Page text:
Furniture, tableware, and objects designed expressly for the Philip Johnson-designed Four Seasons restaurant at 99 East 52 Street will be offered at auction in a one-day eventon 07.26.16 at the restaurant by Wright Auctions . The selection includes works by Johnson, Mies van der Rohe, and Hans Wegner, and special-ordered Knoll furniture and tableware and cookware designed by L. Garth and Ada Louise Huxtable. The auction preview is open to the public 07.20-25.16.

Sao Paulo-based Isay Weinfeld has been selected to design the new 20,000-square-foot Four Seasons restaurant at its new location at 280 Park Avenue. The restaurant will draw influence form Philip Johnson’s original, and will include two dining rooms, outdoor seating, and a private dining space on the second floor.

OMA has been selected to design the Albright-Knox Art Gallery’s expansion in Buffalo, NY. The team’s research included Frederick Law Olmsted’s design for Delaware Park, the western edge of which is anchored by the Albright-Knox, and the architectural legacy of the site itself, which includes the original 1905 building by E.B. Green and a 1962 addition designed by Gordon Bunshaft. BIG, wHY, Allied Works, and Snøhetta were also finalists.

Fradkin & McAlpin Architects is collaborating with Prague-based A69 Architekti on a renovation of the circa 1898, 35,000-square-foot Czech Mission to the United Nations at 1109 Madison Avenue. The project entails a gut-renovation of the interior and the creation of new living spaces, offices, and meeting spaces for the staff, and upgrading all building systems. The exterior will also undergo a facelift that will preserve its Beaux Arts character. Fradkin & McAlpin is executive architect on the project. Construction is expected to begin in the fall of 2017.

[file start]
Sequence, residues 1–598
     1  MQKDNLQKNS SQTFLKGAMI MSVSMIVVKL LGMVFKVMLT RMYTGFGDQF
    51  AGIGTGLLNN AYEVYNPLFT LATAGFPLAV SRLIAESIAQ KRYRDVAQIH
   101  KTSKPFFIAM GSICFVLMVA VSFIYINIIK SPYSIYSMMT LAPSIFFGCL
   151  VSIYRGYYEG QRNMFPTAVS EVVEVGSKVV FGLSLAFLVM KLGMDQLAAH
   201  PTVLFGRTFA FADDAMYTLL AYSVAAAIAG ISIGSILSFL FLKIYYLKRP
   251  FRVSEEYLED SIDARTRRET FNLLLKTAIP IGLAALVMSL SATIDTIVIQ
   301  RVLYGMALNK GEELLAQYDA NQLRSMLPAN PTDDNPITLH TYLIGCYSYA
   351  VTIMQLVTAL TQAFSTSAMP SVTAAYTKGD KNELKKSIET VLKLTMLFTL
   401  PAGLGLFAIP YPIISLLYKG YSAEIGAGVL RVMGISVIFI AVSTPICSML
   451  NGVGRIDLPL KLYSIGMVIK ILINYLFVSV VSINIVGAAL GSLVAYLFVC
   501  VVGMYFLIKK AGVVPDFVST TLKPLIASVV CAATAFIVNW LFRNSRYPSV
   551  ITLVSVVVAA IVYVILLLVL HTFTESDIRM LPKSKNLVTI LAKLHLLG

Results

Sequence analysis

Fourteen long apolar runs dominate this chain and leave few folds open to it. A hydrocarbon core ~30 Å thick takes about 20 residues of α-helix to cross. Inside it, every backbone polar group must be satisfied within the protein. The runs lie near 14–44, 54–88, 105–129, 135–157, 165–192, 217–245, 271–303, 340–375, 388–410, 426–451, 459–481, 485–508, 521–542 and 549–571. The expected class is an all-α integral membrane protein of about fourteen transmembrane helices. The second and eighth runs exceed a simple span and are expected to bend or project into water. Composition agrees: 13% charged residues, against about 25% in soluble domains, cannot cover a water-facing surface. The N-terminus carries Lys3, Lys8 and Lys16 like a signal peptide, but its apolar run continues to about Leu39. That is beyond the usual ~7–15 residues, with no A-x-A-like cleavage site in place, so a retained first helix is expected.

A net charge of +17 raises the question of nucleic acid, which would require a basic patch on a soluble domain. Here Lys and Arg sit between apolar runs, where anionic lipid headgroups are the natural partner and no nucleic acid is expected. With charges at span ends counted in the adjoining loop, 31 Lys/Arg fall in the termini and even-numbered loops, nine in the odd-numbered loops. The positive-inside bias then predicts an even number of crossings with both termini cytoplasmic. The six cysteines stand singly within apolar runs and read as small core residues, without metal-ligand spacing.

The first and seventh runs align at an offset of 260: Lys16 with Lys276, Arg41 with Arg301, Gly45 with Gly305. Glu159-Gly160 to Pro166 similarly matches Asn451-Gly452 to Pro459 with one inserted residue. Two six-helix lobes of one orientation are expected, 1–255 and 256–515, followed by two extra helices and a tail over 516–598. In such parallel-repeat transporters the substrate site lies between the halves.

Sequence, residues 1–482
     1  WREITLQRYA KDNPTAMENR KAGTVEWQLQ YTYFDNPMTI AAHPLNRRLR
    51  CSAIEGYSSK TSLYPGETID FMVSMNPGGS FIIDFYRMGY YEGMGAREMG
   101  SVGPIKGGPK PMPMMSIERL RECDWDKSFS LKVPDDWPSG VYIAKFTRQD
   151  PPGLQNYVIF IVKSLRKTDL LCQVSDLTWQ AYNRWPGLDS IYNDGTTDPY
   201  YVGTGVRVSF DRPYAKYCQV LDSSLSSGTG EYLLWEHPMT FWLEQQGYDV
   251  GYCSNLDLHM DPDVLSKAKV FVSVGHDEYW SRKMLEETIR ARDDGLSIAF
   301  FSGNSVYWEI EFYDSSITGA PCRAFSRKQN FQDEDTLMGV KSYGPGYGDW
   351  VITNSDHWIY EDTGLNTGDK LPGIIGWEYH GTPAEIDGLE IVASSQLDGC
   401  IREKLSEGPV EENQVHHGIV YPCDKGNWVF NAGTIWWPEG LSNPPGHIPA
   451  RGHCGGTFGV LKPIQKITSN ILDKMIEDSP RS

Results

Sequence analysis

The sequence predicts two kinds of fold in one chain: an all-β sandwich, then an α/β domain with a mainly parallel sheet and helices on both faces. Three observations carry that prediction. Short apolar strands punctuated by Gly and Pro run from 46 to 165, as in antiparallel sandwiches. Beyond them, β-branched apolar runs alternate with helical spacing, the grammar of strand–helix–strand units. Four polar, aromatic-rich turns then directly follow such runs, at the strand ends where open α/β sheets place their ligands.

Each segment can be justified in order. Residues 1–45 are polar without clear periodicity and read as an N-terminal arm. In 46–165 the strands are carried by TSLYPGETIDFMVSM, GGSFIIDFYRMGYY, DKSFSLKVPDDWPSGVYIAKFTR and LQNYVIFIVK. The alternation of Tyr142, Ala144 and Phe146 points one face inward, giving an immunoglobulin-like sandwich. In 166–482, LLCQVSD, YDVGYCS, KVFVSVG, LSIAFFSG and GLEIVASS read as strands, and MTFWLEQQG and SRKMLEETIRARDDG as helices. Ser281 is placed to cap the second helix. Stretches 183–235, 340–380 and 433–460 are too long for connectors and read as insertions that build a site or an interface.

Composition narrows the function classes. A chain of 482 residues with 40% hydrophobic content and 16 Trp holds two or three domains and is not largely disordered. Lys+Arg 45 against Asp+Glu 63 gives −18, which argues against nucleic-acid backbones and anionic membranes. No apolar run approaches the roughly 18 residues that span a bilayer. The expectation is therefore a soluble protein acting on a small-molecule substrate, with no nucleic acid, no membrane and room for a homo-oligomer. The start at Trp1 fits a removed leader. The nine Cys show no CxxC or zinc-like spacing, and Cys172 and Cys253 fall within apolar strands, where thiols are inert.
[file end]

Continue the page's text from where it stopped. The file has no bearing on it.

The City Council of Asheville, NC, has selected Skidmore, Owings & Merrill (SOM) to update the city’s comprehensive plan and provide a vision to guide growth and sustainability goals. SOM was selected from a field of candidates who presented initial proposals to the city in early February 2016. Four additional firms will support the project:  Asheville-based Design Workshop will consider local presence, public realm, and landscape; St. Louis-based Development Strategies will advise on economics; Asheville-based Chipley Consulting will contribute to public engagement and communications; and Raleigh, NC-based VHB will advise on transportation, public infrastructure, and resiliency.

The Design Trust for Public Space and Staten Island Arts will begin Future Culture: Connecting Staten Island’s Waterfront, a multi-year project that will engage local artists, community members, area developers, and city agencies involved in planning.